Police in New Delhi have raided the homes of prominent journalists linked to a left-leaning news organization known for its scrutiny of the Indian government, in a move media groups characterized as the latest attack on press freedom.
Forty-six people have been questioned and digital devices and documents seized for examination, Delhi police said in a short statement following the raid on Tuesday.
Those questioned include reporters, editors and contributors linked to NewsClick, an independent news website known for being fiercely critical of Prime Minister Narendra Modi’s government.
Police said they had arrested the outlet’s editor, Prabir Purkayastha, and a colleague, Amit Chakravarty, and an investigation is under way in connection with India’s Unlawful Activities (Prevention) Act, or UAPA, an anti-terror law that critics describe as “draconian” and makes it nearly impossible to receive bail.
Some of those taken for questioning reported the raids on Twitter, now known as X, as they were taking place.
In one last post before her devices were taken, writer and activist Bhasha Singh wrote: “Finally last tweet from this phone. Delhi police seizure (sic) my phone.”
At 8.05 a.m. local time, journalist Abhisar Sharma said Delhi police were at his home and about to take his devices. Hours later, he added: “After a day-long interrogation by Delhi Special Cell, I am back home. Each and every question posed will be answered. Nothing to fear. And I will keep questioning people in power and particularly those who are afraid of simple questions.”
The raids have shaken and angered India’s independent media, who say Modi and his right-wing Bharatiya Janata Party (BJP) are tightening their grip on press freedom.
CNN has reached out to the BJP for comment.
Speaking at an event in Odisha on Tuesday, Minister of Information and Broadcast Anurag Thakur said he didn’t need to justify the action from the police.
“If anyone has committed anything wrong, agencies are free to carry out investigations against them under set guidelines,” he said.
India, with a population of 1.4 billion people, is the world’s largest democracy and one of the largest media markets in the world.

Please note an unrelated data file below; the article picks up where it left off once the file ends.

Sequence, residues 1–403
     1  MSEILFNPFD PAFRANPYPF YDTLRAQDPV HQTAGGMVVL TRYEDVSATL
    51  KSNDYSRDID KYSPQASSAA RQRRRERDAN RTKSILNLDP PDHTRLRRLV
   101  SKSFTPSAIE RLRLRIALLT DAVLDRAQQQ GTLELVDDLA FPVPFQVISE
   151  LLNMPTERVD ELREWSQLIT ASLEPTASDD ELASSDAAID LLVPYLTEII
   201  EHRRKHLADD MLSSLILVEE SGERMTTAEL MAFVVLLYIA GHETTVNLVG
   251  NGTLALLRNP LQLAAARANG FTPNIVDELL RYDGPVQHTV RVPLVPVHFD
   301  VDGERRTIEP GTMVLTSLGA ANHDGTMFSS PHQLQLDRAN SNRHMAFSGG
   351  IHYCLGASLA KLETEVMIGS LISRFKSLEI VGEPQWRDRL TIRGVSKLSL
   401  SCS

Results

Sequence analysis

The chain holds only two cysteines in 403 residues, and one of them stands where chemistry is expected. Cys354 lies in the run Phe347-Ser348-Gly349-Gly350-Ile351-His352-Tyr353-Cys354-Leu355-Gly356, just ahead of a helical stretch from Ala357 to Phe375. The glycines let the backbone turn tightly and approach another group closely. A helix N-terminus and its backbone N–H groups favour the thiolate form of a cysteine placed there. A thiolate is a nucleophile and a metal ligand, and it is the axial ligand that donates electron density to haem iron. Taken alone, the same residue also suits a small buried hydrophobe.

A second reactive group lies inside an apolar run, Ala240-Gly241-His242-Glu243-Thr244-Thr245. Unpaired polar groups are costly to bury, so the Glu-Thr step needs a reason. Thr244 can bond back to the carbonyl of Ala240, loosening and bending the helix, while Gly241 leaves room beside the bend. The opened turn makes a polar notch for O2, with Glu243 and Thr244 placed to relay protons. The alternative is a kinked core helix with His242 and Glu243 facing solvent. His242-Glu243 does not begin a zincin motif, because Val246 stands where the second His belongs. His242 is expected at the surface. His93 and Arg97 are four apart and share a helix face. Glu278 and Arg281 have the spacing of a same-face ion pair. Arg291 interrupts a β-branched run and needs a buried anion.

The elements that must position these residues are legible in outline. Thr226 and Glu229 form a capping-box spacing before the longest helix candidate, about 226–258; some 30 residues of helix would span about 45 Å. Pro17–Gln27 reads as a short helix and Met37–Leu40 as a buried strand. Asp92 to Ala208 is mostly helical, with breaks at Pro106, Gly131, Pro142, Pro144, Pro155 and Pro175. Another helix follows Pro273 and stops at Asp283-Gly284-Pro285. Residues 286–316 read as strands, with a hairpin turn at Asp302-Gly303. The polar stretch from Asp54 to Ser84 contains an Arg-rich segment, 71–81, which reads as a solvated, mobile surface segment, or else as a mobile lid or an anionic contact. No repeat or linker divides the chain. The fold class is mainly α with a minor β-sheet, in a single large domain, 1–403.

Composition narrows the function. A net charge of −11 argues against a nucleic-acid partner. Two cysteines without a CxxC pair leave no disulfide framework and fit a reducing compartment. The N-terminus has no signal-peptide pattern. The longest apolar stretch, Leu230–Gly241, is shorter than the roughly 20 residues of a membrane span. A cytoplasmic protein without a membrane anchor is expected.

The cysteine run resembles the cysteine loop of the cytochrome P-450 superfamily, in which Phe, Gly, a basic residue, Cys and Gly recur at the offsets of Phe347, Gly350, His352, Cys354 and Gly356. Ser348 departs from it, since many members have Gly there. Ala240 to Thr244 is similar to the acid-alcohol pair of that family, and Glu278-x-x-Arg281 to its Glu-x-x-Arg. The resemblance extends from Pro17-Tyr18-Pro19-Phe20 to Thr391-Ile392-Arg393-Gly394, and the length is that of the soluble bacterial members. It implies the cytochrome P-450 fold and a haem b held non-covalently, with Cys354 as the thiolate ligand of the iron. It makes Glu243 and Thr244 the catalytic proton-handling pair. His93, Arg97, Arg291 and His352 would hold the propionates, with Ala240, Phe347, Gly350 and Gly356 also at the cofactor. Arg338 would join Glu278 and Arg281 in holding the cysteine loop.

But the Modi administration has been repeatedly accused of intimidating the press, stifling free speech, and censoring independent news organizations.
The Indian digital news foundation Digipub said it was “deeply concerned” by the raids.
“This has taken the government’s pattern of arbitrary and intimidatory behaviour to another level,” it said in a statement. “India has been in a downward spiral on press freedom and other rankings on civil liberties and human rights, and the Indian government’s war against the media is a blot on the world’s largest democracy.”
The Editor’s Guild of India said it was concerned that the raids were “yet another attempt to muzzle the media,” while urging the government to follow “due process” and “not create a general atmosphere of intimidation under the shadow of draconian laws.”
The Press Club of India said it stood in “solidarity with the journalists and demands the government to come out with details.”
Tuesday’s crackdown comes eight months after Indian tax authorities raided the BBC’s offices in New Delhi and Mumbai, after it aired a documentary critical of Modi’s role in deadly riots in 2002.
Offices of other independent outlets have been raided in the past, and international non-profit rights group Amnesty halted operations in 2020 after the “complete freezing” of its bank accounts by the Indian government.
India dropped 11 places to 161 out of 180 nations in this year’s World Press Freedom Index, published by Reporters Without Borders, and is now ranked between Laos and Djibouti.